There’s even more to the Satanic Bible than history, exhortations, and “statements”- there’s relationship advice! There is a long chapter on “Love and Hatred” talking about the importance of sexual freedom. It’s interesting to note that the book was written in 1969, and yet here was LaVey advocating for freedom for “homosexuals, bisexuals, and asexuals”. He was also aware that Satanism was often associated with orgies, but he pointed out that just because you participate in group sex does not mean that you are not sexually repressed. Here are some of his words;
“Satanism does advocate sexual freedom, but only in the true sense of the word. Free love, in the Satanic concept, means exactly that- freedom to either be faithful to one person, or to indulge your sexual desires with as many others as you feel is necessary to satisfy your particular needs.”
He also laid down a foundation that sex should be between consenting adults;
“Aside from the foregoing exceptions (he was talking about BDSM in the earlier paragraph), the Satanist would not intentionally hurt others by violating their sexual rights. If you attempt to impose your sexual desires upon others who do not welcome your advances, you are infringing upon their sexual freedom. Therefore, Satanism does not advocate rape, child molesting, sexual defilement of animals, or any other form of sexual activity which entails the participation of those who are unwilling or whose innocence or naivete would allow them to be intimidated or misguided into doing something against their wishes…”
He also made a lot of other really cool statements about the difference between “spiritual love” and “sexual compatibility” and needing to strike a favorable balance between the two of them. Sometimes, though, he said this isn’t always practical. He even might’ve made a statement in favor of what we now call polyamory when he said this;
“As a matter of fact, often one member of a couple will resort to outside sexual activities because he deeply loves his mate, and wishes to avoid hurting or imposing upon his loved one.”
He was definitely somebody that was way ahead of his time. Also, even though Satanism was widely regarded as a proponent of reckless, hedonistic violence, animal sacrifice, unrestricted self-indulgence, and hatred, if you actually read the Satanic Bible you can see that this is not what LaVey propagated. I’m about a third through my reading of it, but I strongly doubt that he would suddenly turn everything in his initial chapters on its head.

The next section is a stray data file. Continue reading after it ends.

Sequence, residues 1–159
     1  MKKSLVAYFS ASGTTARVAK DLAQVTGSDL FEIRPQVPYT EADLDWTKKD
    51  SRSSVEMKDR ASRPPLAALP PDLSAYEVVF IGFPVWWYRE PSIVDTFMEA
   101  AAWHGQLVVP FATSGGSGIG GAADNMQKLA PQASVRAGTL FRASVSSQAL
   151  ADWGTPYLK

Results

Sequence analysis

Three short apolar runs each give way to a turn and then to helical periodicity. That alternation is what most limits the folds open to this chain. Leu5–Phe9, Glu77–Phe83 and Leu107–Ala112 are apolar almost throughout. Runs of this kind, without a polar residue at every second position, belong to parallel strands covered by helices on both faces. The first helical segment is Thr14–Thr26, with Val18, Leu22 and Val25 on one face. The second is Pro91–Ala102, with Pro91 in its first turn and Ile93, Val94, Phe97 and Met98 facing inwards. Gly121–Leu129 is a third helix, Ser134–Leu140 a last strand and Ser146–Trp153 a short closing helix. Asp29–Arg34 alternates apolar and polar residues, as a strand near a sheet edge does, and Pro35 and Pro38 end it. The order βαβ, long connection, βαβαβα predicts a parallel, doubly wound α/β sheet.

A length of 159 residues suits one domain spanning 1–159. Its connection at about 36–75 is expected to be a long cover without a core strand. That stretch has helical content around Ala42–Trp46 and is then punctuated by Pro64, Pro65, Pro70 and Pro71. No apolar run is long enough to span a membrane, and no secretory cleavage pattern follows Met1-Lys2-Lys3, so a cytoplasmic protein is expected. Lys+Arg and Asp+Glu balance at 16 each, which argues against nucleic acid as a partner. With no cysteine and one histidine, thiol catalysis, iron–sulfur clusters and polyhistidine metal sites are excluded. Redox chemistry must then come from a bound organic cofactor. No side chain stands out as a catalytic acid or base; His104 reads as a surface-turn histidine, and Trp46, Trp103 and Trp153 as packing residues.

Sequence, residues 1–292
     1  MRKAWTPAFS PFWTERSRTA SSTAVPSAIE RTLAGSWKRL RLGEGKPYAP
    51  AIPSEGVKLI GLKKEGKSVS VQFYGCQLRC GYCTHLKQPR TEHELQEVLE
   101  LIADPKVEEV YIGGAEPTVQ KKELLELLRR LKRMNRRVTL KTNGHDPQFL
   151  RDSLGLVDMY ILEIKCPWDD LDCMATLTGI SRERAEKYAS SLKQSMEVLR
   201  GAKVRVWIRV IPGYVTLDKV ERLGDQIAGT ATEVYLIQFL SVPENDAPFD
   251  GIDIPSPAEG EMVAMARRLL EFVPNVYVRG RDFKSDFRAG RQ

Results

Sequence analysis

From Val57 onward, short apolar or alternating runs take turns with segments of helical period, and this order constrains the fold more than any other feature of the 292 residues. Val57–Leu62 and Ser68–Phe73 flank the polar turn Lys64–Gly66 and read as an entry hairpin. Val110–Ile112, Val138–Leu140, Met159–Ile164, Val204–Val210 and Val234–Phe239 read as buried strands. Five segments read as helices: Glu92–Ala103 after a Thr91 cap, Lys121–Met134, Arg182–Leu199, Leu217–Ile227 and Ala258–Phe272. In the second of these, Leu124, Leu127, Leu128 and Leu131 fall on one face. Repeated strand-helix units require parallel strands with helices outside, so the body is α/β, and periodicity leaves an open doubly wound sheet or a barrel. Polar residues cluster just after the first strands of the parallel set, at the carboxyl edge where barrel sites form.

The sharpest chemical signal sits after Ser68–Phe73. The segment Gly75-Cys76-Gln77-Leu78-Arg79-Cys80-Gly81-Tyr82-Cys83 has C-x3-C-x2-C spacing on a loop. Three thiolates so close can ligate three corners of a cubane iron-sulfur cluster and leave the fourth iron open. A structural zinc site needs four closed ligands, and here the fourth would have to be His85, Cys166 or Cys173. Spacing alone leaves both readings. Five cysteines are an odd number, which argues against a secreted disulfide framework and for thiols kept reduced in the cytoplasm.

Satanism seems to mostly be about free-thinking, not allowing guilt to rule your life, being selfish to a healthy level, and challenging the so-called “right-hand” or “white light” religions of the world. I would’ve never found any of this out unless I hadn’t been curious and fearless enough to examine the religion for myself.
That being said, I don’t believe that I would join the religion because there are still things that I disagree with. I haven’t gotten to these parts in the book, but Zeena and Nicholas- who by the way, are not a part of the church anymore- stated that they believed in what I’ll term social darwinism– the idea that the strong should take care of themselves and not be overly concerned with the needs of weak people. They seemed to state that the strong were the ones “deserving of love” that were described in the Satanic Bible, and that is isn’t our responsibility to be concerned with refugees or people who are victims of corrupt governments. They also admitted that The Church of Satan was an “elitist organization” open to those who were “worthy” and paid a $100 fee (this was at the time of the 1989 taping of the interview- I have no idea if there’s still a fee to become member of the Church of Satan today). I don’t think I’d make a very “good” Satanist.
Either way, I am so happy and grateful for my newfound freedom to explore different religious concepts, including some “controversial” ones. Expect more posts like this as I continue my religious/spiritual journey.